Moderna sues Pfizer, BioNTech over Covid vaccine despite pledge
Angelica Peebles August 30, 2022 at 6:45 AM EDT
Moderna shocked, well, pretty much everyone when it filed suit against Pfizer and BioNTech late last week, saying the pair used Moderna’s patented technology without permission in their Covid-19 vaccine.
The mRNA vaccines in question made all three companies heroes of the pandemic when the shots started rolling out in late 2020, allowing us to begin creeping out of hiding after more than a year of sequestering ourselves in the face of Covid. At the time, it wasn’t so much a competition for market share as it was a race to see who could pump out enough shots fast enough to vaccinate the world — and of course make billions while doing so.
Now Moderna claims Pfizer and BioNTech deliberately copied key elements of Moderna’s mRNA technology when developing their Covid shot. Pfizer and BioNTech have denied the allegations and say they will defend themselves.
The question everyone keeps asking is, why now? And what does Moderna hope to accomplish, since it’s only asking for a cut of the profits, which could be tiny compared to the billions of dollars it’s already made from the pandemic? Moderna says it needs to protect the mRNA technology platform it spent a decade and billions of dollars creating. Its company name, after all, is a portmanteau of modified and RNA. Moderna has built its brand all around being the frontier of mRNA tech.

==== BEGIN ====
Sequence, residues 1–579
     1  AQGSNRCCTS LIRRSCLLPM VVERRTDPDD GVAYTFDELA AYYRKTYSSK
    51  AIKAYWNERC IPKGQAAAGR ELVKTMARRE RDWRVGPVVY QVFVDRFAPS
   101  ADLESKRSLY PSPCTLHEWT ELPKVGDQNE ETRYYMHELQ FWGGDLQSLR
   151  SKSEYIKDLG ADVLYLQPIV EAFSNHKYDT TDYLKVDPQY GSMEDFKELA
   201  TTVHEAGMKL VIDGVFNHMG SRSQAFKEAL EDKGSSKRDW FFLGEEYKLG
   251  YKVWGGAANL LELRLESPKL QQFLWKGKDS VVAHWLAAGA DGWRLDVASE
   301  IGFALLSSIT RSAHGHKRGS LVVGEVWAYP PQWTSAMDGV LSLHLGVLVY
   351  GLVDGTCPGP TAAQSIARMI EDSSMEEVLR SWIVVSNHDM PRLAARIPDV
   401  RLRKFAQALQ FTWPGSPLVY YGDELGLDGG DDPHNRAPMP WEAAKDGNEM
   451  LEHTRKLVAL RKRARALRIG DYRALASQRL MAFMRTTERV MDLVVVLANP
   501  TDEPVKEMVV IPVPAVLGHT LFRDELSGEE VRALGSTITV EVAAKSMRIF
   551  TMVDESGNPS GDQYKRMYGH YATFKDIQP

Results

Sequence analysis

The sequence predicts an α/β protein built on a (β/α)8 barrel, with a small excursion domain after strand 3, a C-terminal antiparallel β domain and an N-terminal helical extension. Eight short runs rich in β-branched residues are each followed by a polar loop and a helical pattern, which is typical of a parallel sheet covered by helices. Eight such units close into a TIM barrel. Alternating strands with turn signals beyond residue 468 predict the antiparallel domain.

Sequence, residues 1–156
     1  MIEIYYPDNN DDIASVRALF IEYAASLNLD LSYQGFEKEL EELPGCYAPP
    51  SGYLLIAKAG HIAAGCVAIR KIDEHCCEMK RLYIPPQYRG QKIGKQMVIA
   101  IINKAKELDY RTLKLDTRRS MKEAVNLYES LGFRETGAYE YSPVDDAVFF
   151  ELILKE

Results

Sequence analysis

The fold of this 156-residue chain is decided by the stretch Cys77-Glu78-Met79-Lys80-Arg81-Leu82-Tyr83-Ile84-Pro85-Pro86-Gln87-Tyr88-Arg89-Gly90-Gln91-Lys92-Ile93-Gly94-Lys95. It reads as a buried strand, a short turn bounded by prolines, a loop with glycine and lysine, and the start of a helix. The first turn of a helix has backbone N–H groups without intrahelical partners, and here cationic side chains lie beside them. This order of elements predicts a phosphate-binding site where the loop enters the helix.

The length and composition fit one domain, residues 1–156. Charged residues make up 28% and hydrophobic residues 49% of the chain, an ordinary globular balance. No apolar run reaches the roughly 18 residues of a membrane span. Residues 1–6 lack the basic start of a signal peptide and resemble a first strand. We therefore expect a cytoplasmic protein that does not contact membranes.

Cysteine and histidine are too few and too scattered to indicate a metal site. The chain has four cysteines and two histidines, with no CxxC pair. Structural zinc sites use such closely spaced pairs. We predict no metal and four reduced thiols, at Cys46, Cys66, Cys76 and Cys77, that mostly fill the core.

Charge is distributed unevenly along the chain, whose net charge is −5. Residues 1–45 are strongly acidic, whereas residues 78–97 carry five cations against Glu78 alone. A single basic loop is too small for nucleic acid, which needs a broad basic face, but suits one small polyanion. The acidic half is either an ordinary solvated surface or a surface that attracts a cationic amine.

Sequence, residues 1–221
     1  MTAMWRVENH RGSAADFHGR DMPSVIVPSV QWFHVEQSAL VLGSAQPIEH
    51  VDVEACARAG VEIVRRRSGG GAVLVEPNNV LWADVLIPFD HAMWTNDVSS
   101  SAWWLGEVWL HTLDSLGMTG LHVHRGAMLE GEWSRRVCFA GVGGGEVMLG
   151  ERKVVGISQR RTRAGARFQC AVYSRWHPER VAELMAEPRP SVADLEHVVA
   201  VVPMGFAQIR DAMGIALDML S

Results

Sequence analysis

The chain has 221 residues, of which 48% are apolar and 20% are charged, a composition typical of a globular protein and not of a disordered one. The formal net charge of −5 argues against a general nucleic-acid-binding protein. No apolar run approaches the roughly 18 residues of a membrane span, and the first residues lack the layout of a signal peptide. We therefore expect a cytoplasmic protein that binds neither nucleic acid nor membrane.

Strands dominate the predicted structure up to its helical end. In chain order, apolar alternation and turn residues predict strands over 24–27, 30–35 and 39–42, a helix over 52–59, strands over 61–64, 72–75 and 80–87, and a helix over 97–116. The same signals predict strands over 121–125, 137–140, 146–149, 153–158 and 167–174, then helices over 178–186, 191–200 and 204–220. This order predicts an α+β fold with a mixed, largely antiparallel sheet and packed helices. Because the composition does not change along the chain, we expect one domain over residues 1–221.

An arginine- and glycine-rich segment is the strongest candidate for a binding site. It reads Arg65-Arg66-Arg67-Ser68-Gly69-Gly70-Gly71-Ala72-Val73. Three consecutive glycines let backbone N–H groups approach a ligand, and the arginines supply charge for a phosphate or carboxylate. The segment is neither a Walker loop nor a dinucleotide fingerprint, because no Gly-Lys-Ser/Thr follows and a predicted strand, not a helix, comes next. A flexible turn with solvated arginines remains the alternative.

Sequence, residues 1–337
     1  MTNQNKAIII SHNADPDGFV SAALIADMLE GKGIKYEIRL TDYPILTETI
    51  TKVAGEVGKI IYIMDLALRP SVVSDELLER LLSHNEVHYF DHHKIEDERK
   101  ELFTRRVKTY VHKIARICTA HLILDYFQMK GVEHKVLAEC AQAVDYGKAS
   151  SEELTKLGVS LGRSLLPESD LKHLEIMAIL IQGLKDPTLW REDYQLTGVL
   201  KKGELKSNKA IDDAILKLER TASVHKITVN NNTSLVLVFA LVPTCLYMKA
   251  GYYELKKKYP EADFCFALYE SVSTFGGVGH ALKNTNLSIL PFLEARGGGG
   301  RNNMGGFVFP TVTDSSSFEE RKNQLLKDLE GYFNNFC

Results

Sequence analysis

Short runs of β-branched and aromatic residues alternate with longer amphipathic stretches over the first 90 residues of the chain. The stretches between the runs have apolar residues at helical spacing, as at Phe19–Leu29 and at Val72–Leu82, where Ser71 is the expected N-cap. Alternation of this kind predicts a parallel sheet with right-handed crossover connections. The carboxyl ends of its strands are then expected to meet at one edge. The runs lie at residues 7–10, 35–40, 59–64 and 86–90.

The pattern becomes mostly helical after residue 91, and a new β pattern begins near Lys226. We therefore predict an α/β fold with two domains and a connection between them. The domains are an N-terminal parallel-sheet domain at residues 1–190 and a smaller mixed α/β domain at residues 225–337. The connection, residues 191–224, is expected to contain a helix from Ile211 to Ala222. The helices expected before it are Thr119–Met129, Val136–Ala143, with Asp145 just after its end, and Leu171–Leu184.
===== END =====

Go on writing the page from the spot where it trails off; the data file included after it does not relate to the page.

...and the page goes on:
Suing is a classic strategy companies use when they want to pressure another company into licensing their technology, says Jorge Contreras, a law professor at the University of Utah. It’s possible, he says, that Moderna has been trying to prod Pfizer and BioNTech into such an agreement for some time to no avail.
But Moderna may have a pretty big problem on its hands: Two years ago, the company said it wouldn’t enforce its patents during the pandemic. A so-called “patent pledge” is viewed as a contract under the law, says Contreras, who’s an expert in patent pledges.
“I think they are trying to rewrite history here,” Contreras says.
Earlier this year, Moderna tried to tweak its promise, saying instead that it would not enforce its patent in lower-income countries, many of which have struggled to get sufficient quantities of vaccines. But that doesn’t erase the original pledge, Contreras says.
One reason Moderna may be trying to flip the script now, he says, is that Moderna simply didn’t anticipate the pandemic to drag on this long. But it’s also not up to the company to decide when it’s over.
Whatever the reasoning, resolving the lawsuits may mean a long and ugly fight between three pandemic heroes. — Angelica Peebles